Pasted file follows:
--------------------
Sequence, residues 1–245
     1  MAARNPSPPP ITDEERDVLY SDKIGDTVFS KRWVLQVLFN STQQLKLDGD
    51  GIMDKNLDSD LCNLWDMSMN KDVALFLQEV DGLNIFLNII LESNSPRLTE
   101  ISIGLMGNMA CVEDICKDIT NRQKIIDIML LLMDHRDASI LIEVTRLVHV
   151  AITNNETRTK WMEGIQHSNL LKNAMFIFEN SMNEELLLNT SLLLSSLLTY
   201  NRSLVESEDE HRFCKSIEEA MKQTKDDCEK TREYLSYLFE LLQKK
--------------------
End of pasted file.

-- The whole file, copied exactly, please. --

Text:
Sequence, residues 1–245
     1  MAARNPSPPP ITDEERDVLY SDKIGDTVFS KRWVLQVLFN STQQLKLDGD
    51  GIMDKNLDSD LCNLWDMSMN KDVALFLQEV DGLNIFLNII LESNSPRLTE
   101  ISIGLMGNMA CVEDICKDIT NRQKIIDIML LLMDHRDASI LIEVTRLVHV
   151  AITNNETRTK WMEGIQHSNL LKNAMFIFEN SMNEELLLNT SLLLSSLLTY
   201  NRSLVESEDE HRFCKSIEEA MKQTKDDCEK TREYLSYLFE LLQKK